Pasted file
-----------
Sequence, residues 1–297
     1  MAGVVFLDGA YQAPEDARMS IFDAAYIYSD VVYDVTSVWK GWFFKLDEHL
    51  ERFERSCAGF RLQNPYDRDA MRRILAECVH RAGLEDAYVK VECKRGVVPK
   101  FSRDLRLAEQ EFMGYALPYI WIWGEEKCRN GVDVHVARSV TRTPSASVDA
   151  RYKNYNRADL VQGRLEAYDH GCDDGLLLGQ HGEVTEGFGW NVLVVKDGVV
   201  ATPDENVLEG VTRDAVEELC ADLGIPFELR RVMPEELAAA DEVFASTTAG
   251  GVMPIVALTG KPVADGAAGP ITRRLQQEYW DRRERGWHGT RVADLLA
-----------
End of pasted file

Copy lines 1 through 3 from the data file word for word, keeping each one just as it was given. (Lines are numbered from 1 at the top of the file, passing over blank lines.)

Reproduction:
Sequence, residues 1–297
     1  MAGVVFLDGA YQAPEDARMS IFDAAYIYSD VVYDVTSVWK GWFFKLDEHL
    51  ERFERSCAGF RLQNPYDRDA MRRILAECVH RAGLEDAYVK VECKRGVVPK